Despite a decline in motorcycle related fatalities, safety experts say much work is still left to do.
According to the Texas Department of Transportation (TxDOT), 434 motorcyclists were killed in Texas in 2009, an 18 percent reduction from the previous year. Nationwide, the number of motorcyclist fatalities showed a 16 percent reduction. Despite these improvements, the National Transportation Safety Board (NTSB) updated its Most Wanted List of Transportation Safety Improvements by adding motorcycle safety as its newest issue area.
So what’s being done in Texas?
Motorists’ and rider awareness are two areas that Research Scientist Patricia Turner focuses.
Motorcycle Safety Forum
At this year’s Motorcycle Safety Forum, more than 80 researchers, law enforcement officers, motorcycle riders, educators, and members of government agencies gathered to discuss opportunities and initiatives to reduce motorcycle crashes, injuries, and fatalities in Texas.
“The Forum is an opportunity to exchange ideas,” said Turner. “We are all trying to make our roads safer for riders, and it helps when we can all get together in the same room and listen to each other’s ideas.”
At the Forum, Paul Landers, chairman of the Texas Motorcycle Rights Association (TMRA2), accepted a posthumous award on behalf of Bill “Sputnik” Strain. The award was “in recognition of his loyalty and dedication to the Texas Motorcycle Safety Coalition and support of and participation in the Texas Motorcycle Safety Forum.”
Motorcycle Safety Fair
On April 30, TTI co-hosted the 2nd Central Texas Motorcycle Safety Fair with the Austin Police Department, TxDOT, and TxDPS. The fair’s theme is based on the Ride Safe. Ride SMART campaign which focuses on:
- Safety equipment/protection (including helmets)
- Motorcycle license/endorsement
- Awareness (be alert and aware of your surroundings at all times)
- Responsibility (ride sober)
- Traffic laws (obey all traffic laws including the helmet law, equipment, lights, unreadable license plates, etc.)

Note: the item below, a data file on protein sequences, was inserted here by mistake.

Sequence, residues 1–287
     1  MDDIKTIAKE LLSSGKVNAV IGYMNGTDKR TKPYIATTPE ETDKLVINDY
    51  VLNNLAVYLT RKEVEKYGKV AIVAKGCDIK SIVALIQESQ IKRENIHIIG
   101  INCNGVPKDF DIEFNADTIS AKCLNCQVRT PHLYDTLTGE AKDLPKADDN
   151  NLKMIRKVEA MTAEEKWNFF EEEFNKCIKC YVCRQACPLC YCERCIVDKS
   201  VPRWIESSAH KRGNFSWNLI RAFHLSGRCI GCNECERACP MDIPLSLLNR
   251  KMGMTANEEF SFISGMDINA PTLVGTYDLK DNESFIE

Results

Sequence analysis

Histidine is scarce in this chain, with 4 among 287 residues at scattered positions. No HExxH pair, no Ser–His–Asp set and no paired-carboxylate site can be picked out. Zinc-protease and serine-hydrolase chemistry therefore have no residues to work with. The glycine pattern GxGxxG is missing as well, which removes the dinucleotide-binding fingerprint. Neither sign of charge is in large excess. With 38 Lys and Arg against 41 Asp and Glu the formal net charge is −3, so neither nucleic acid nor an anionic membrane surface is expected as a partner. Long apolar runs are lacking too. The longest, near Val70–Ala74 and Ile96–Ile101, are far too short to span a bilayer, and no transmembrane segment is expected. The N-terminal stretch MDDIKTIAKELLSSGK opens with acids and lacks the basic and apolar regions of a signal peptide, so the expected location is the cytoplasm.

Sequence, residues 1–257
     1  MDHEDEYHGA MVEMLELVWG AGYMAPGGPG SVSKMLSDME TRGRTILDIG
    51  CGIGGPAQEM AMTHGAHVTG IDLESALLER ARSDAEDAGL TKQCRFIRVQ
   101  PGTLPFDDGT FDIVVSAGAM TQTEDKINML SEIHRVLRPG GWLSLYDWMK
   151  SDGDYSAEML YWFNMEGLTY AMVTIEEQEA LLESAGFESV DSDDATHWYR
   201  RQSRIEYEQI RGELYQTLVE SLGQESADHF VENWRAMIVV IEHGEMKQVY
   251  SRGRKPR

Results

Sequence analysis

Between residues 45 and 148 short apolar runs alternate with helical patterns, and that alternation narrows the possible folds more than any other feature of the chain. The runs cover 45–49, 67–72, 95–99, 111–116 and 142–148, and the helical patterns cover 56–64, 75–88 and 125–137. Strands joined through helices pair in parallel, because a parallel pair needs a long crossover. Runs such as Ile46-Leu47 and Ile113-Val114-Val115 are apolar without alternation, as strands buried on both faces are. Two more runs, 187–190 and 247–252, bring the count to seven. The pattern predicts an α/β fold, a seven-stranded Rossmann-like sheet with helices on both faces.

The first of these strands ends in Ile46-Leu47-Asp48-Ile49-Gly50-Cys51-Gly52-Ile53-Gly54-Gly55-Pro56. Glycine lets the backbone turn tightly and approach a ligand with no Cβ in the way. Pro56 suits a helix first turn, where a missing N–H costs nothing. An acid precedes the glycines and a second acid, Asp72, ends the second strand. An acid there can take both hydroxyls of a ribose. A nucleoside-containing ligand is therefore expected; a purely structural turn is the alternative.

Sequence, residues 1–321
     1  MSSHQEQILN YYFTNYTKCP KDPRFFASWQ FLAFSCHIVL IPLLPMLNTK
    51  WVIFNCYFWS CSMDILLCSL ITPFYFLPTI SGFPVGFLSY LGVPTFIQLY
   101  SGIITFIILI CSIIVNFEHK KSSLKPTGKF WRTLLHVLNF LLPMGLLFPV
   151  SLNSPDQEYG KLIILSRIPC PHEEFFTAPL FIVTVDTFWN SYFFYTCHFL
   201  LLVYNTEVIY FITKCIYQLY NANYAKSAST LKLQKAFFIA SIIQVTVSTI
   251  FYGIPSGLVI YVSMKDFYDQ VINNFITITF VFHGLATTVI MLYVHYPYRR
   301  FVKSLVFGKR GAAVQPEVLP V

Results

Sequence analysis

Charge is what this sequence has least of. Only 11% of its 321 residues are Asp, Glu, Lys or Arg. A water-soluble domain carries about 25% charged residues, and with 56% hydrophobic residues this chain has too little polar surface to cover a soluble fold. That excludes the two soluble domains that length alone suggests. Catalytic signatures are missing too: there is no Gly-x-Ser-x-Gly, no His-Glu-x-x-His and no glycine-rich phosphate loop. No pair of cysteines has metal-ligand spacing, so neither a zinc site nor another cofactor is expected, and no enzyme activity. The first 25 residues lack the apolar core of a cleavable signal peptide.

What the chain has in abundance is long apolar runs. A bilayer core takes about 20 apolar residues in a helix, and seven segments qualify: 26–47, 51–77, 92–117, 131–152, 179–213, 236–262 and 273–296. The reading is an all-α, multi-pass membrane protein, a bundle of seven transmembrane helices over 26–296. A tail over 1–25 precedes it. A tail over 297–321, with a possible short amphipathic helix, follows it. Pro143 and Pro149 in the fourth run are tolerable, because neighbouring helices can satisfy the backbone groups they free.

Share the Road campaign
TxDOT reinforced its commitment to motorcyclists with the April 12 launch of the Share the Road campaign. The message: look twice for motorcycles at intersections and when changing lanes, the two places where serious motorcycle collisions commonly occur.
“We know that 66 percent of motorcycle crashes result in death or serious injury for the motorcyclist,” said Carol Rawson, TxDOT’s Traffic Operations Director. “As more and more people turn to motorcycles for affordable transportation and recreation, it’s more important than ever to remind drivers to look twice for motorcycles.”
Tips on how to look twice for motorcyclists:
- Do a Double Take: Look twice for motorcyclists at intersections, where they may be making a left turn, as well as on the highway, where a motorcyclist may be changing lanes. Clearly signal your intentions.
- Be Respectful: Remember, a motorcycle is a vehicle with all of the rights and privileges of any vehicle on the roadway.
- Give Them Space: Don’t follow a motorcycle too closely. A motorcyclist’s riding patterns are different from vehicle patterns, and reactions may vary for the same road or weather conditions. Allow a full lane of travel space between your car or truck and a motorcycle.
- Anticipate Next Steps: Obstructions that you do not notice could prove to be deadly for a motorcyclist. Give motorcyclists plenty of space to react and make the road a safe place for you and others, no matter what form of transportation they use.
For more information on the campaign, visit TxDOT’s website.
For more information on the Motorcycle Safety Forum or Motorcycle Safety Fair, visit Looklearnlive.org.